Retirement at 30 is a concept thrown around to illustrate amazing money-earning skill. The 30-year-old retiree is someone with a brilliant idea who executed it with razor-sharp precision, with a splash of creativity and sexy risk-taking thrown in.
We’d all like to take that path, and take it successfully. But the world has only so much room for unique ideas, many of which would be directly competing with one another. Consumers have only so much money to spend.
But perhaps there’s another path to insanely-early retirement. Maybe it’s not all about bringing in obscene sums of cash in your twenties. Maybe it’s a matter of how you use what you have.
Sacrifice for a Goal
A movement has been in place for some time now of living with great frugality for a period of time and investing your money instead of spending it. By sacrificing a nicer house, designer clothes, and luxuries, you are investing in your future self’s freedom. One maverick treading this path, who writes under the pseudonym Brandon Sutherland, says, “for each expense, ask yourself, ‘if giving this up menat I could quit my job tomorrow, would I?’ If you answer yes, that expense isn’t as important to you as your financial freedom.”
Planning for an early retirement means running your finances like a business, spending some time to plot out a strategy for cutting back in all areas, including transportation costs, food, home furnishings, etc. Think outside the box, aiming for frugality rather than doing the things the way everyone else does, which is often very wasteful. This doesn’t meant making shoes from old cardboard boxes, just being smart and savvy.
Invest in Your Goal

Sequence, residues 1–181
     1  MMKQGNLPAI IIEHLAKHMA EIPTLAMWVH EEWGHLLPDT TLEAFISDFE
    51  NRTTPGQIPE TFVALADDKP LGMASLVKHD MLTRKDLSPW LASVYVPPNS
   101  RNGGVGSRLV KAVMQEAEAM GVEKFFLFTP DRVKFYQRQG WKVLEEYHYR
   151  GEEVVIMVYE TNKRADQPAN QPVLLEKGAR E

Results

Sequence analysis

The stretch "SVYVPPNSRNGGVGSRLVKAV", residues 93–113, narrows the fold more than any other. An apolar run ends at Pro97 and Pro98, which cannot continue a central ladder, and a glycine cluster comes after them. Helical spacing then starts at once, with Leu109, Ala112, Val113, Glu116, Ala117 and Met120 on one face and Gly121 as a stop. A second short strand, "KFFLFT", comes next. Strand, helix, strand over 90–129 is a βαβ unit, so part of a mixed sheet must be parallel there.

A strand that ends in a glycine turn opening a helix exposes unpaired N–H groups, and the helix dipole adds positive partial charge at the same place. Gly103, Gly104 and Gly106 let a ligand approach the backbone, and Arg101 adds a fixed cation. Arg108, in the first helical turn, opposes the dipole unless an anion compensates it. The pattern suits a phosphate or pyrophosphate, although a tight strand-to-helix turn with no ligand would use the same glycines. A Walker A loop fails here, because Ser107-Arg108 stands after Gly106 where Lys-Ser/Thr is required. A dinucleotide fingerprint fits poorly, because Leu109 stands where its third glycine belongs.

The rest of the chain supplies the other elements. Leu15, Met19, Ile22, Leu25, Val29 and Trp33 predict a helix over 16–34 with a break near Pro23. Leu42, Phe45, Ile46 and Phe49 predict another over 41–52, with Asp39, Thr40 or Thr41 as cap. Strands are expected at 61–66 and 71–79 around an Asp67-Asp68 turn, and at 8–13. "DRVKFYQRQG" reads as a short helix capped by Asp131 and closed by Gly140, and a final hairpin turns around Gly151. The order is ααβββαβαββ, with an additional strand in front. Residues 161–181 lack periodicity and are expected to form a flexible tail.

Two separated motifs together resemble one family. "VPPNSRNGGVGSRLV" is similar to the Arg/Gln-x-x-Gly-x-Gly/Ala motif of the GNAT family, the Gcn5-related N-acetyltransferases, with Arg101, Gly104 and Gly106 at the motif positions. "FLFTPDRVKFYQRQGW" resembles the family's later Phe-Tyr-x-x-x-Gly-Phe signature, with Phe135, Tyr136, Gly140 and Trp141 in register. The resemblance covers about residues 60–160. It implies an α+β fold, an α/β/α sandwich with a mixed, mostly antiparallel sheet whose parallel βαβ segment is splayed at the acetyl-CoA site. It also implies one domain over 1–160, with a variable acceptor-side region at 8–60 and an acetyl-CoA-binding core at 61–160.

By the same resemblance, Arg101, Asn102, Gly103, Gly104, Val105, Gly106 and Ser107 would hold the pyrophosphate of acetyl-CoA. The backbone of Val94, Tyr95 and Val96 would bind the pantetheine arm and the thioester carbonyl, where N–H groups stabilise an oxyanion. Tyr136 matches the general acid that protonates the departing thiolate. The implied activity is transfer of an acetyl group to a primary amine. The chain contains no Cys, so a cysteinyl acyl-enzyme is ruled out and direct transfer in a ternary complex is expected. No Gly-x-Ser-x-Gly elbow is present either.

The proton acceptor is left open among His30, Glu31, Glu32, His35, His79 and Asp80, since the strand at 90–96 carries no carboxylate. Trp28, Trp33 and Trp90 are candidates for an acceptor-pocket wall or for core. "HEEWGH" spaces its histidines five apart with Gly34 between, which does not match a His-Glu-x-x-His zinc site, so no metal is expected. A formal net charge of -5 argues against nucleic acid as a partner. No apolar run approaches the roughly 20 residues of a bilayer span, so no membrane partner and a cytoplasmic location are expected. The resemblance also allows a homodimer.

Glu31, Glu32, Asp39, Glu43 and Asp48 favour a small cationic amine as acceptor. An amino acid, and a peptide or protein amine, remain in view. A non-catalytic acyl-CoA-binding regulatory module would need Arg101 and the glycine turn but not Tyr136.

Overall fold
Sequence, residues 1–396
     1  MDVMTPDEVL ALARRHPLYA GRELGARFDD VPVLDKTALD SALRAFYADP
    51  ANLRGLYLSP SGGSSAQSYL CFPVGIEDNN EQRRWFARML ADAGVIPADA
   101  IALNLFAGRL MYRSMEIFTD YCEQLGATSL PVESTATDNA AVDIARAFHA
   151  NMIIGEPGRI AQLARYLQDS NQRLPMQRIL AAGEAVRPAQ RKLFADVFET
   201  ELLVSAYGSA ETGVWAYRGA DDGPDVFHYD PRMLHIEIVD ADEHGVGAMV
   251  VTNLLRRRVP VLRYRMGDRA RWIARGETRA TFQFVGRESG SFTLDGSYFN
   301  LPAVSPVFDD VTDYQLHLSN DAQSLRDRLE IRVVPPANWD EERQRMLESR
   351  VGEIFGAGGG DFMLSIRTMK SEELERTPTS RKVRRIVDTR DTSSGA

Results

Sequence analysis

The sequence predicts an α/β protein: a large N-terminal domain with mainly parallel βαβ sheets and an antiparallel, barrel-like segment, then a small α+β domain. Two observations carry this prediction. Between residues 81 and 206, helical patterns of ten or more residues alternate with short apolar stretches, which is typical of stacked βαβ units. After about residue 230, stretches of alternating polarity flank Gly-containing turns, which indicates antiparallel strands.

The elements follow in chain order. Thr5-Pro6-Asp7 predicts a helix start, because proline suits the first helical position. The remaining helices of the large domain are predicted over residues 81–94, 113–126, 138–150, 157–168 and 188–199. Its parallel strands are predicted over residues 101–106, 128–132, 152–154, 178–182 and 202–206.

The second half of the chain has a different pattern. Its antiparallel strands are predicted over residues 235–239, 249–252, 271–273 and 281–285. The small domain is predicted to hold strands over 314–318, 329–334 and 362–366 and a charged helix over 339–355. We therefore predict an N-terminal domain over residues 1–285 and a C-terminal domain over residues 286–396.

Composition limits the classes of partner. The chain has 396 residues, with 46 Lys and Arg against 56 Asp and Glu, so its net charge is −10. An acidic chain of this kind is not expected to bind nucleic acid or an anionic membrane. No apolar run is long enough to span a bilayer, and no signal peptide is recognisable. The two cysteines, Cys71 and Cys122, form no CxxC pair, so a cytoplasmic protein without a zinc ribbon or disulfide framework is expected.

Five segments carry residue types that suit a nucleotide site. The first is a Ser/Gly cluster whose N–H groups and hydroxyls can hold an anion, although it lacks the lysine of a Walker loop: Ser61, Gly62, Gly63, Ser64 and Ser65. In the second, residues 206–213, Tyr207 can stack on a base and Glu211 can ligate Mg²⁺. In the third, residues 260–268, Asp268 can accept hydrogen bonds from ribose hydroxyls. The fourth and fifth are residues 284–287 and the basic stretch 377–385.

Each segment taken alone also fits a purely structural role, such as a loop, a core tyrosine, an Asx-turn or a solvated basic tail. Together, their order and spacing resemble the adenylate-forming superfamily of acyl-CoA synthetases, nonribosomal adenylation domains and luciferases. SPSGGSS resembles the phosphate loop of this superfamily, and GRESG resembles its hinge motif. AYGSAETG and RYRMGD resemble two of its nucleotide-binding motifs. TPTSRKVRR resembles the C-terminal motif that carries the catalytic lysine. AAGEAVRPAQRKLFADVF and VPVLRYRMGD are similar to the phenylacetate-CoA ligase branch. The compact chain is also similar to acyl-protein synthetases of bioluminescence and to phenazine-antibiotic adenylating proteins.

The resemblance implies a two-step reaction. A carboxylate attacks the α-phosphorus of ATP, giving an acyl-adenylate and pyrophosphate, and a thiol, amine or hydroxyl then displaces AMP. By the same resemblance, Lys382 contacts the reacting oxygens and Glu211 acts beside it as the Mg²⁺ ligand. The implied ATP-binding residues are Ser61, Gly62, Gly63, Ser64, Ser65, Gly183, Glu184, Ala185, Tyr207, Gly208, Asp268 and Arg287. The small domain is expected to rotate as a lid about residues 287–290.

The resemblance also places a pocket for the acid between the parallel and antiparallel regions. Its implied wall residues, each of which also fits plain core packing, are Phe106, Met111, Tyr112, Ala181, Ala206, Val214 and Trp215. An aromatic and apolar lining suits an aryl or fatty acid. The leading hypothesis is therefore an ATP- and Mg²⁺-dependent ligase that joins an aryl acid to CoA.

If you make a reasonable income while living frugally and planning to retire at 30 (or thereabouts), you should be able to make investments. The nature of this enterprise probably makes low-risk investments the best option. Passive investments can still add up to a lot, financing that early retirement you’ve wanted.
Maxing out IRAs and investing in investment trusts and US stocks is certainly one option.
Rolling over into Roth IRAs is a way to avoid penalties, thus maximizing the good the money can do.
Retire at 30
Once you actually get there, at whatever age you in fact are, you won’t be retiring in one of the world’s most sought-after vacation spots and living in a yacht. Perhaps you have saved enough money to plan some travel, to move to a place where you can experience a new culture.
But what you will be doing is enjoying freedom, independence, and the kind of free time to do what you want. You must go into it with a plan—have a screenplay you want to write, a car you want to restore, a type of cuisine to take up, etc. Maybe you’re interested in volunteering for a certain cause or would like to research your family history.
You may have to continue a bit of frugality during this time—it won’t be all about drinking expensive wine and relaxing at renowned restaurants. In fact, you may actually find yourself doing something to make a little money here and there. Don’t think of that as a dirty word—want you won’t be doing is working a day-to-day grind. Your income might come from something you’ve created, like pottery or some service you enjoy providing. But it will be there to finance a time of great independence and peace of mind.